Homewood veterans were treated Saturday, June 14, to a picnic lunch at Marie Irwin Center, news about two veterans programs, music and a good old fashioned game, a cake walk.
As Char Dyer, chairwoman of the Homewood Veterans Committee, observed, Saturday was a convergence of patriotic events. In addition to the local veterans lunch, it was Flag Day and the 239th anniversary of the U.S. Army.
To honor the veterans in attendance, the committee presented each with a fabric star from the Stars for Our Troops program.
Committee member Amy Crump read the information provided by the program, which addresses veterans from the star's point of view:
"I am part of our American flag that has flown over a home in the U.S.A. I can no longer fly. The sun and winds have caused me to become tattered and torn. Please carry me as a reminder that tou are not forgotten."
The news included an announcement by Wally Burns VFW Post 8077 Commander John Beele that the post will sponsor an Honor Flight trip to Washington, D.C., in the fall.
Dyer noted the sponsorship had a bigger scope that she at first thought.
"I thought it was one veteran," she said. "But the VFW is sponsoring a whole plane."
That means more opportunities for local World War II veterans to visit war memorials in the nation's capital.
"There's so much you guys have done, and now the community wants to give back to you," Beele said.
Anyone interested in more information about the Honor Flight program and about the fall trip can contact Beele at 708-957-0600 or [email protected].
The group also heard a presentation from Steve Miller, representing the new Home for Vets program started by he and his wife, Bettina.
Miller, a Gulf War veteran with real estate experience, said many service men and women who return from Afghanistan and Iraq are having trouble rebuilding their lives. Some are even homeless, he said. And that's a problem Home for Vets is designed to address.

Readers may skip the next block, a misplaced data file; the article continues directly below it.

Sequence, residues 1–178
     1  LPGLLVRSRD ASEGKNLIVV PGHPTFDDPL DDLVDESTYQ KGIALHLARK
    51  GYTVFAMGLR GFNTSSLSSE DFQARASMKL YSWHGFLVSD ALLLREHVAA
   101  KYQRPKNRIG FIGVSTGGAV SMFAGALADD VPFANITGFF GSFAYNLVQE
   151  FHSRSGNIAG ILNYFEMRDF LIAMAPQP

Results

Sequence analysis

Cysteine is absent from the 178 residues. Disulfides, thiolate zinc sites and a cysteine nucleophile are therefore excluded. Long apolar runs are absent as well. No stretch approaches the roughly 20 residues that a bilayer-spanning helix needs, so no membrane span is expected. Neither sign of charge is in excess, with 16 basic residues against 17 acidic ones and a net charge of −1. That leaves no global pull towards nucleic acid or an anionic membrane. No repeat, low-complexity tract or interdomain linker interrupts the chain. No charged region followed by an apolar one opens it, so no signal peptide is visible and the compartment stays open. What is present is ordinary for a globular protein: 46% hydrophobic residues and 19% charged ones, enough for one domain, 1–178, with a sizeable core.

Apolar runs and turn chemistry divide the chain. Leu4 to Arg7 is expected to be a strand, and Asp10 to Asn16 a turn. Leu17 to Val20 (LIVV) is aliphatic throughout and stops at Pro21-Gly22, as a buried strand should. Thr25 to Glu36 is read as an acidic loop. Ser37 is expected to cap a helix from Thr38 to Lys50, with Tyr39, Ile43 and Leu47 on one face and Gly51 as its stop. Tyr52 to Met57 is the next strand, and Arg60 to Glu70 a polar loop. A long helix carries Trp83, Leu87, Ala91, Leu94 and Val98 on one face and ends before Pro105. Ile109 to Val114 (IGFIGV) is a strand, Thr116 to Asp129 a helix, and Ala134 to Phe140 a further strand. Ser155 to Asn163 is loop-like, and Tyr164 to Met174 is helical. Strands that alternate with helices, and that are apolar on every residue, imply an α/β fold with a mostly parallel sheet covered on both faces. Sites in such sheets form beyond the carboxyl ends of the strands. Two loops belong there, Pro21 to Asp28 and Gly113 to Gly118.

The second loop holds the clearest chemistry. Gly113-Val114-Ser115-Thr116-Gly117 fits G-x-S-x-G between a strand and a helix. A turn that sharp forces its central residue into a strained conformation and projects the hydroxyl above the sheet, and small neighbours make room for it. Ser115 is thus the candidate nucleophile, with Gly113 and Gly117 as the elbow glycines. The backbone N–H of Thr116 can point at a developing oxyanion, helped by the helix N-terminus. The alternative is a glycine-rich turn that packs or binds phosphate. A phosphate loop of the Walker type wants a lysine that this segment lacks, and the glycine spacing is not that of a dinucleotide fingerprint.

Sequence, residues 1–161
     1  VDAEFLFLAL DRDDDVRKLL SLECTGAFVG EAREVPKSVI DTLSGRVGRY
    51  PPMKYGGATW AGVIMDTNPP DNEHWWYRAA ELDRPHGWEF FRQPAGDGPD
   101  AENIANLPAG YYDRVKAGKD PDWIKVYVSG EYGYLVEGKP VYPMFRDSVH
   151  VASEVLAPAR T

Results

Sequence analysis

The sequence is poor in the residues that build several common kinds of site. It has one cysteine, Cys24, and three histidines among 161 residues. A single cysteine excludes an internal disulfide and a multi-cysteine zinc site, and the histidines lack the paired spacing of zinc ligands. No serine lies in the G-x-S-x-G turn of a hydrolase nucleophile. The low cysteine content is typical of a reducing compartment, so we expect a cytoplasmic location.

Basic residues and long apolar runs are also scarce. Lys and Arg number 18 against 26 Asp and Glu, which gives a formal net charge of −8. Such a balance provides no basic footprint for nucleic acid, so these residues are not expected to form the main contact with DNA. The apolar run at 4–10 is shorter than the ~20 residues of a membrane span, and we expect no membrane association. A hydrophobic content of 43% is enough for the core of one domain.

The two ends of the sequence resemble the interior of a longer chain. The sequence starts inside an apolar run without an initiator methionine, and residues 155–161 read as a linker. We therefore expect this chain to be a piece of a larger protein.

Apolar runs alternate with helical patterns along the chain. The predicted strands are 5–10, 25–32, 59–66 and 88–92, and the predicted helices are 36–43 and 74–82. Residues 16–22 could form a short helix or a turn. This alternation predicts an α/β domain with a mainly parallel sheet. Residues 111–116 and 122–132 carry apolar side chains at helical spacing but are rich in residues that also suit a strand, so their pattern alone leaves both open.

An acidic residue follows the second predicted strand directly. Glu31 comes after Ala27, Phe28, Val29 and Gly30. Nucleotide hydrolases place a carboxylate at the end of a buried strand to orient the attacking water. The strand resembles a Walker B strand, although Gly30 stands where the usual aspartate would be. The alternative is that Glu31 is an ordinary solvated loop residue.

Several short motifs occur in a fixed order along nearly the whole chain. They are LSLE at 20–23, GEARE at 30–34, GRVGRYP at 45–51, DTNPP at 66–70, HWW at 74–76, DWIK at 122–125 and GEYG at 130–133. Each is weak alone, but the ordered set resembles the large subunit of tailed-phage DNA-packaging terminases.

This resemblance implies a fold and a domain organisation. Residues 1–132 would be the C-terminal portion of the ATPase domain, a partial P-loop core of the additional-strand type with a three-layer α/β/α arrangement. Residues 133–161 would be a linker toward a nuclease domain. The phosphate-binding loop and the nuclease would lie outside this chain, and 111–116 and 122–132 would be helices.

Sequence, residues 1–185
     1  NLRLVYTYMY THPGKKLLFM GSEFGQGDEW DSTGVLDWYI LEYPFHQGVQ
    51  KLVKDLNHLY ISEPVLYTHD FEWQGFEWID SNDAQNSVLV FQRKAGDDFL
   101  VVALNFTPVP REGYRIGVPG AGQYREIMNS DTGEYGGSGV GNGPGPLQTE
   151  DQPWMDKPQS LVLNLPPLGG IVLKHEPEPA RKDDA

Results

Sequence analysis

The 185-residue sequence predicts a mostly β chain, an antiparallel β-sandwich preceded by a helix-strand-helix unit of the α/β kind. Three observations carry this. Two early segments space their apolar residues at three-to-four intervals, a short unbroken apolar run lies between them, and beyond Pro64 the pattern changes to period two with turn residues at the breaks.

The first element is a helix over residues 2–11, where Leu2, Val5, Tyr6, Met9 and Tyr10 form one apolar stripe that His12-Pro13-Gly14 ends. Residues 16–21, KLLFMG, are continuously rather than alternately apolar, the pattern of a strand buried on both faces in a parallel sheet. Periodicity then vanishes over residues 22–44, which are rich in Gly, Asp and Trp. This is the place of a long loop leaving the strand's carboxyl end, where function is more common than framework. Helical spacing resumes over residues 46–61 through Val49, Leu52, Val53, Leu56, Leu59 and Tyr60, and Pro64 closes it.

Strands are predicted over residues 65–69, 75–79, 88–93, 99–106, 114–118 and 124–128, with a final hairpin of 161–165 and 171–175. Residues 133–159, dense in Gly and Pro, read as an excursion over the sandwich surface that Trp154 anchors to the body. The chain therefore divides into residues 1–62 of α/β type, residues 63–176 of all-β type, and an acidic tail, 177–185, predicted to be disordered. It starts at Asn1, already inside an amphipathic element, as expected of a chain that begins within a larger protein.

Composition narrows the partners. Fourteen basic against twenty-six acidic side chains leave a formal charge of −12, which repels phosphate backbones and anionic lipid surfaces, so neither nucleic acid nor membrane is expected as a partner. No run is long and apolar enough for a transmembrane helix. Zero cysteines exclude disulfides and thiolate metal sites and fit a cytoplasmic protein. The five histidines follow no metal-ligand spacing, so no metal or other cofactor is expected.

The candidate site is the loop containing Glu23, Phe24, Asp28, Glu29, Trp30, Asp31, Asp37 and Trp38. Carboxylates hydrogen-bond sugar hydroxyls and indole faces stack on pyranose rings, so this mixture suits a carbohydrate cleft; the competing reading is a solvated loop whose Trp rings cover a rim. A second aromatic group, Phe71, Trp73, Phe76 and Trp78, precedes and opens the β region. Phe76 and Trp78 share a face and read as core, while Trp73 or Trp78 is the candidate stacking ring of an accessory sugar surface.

"We are committed to help those people who have served their country and are coming home," he said.
He noted that homelessness does not necessarily mean living on the streets. Often veterans and their families are living with friends or relatives, but they would prefer to have a home of their own.
The program will provide opportunities for low-cost housing.
One veteran asked if the group was affiliated with Habitat for Humanity, a program that builds new homes and helps families get affordable financing. Miller said Home for Vets is not affiliated with Habitat but performs a similar service.
The 501(c)3 nonprofit organization is based in Homewood, but the group is already making connections throughout Chicagoland.
The Kelly Campos Band provided music throughout the luncheon. Campos received a big round of applause for her a capella rendition of The Star Spangled Banner at the beginning of the event.
In addition to the band, veterans received another musical treat, an a capalla performance of the Marine Hymn — all three verses — sung by Beele.
The cakewalk proved to be a popular activity following lunch. When Crump asked if anyone had participated in a cakewalk before, only one hand was raised, but everyone caught on quickly. It wasn't long before more than a dozen donated cakes had been claimed by winners of cakewalk rounds.
Contact Eric Crump at [email protected]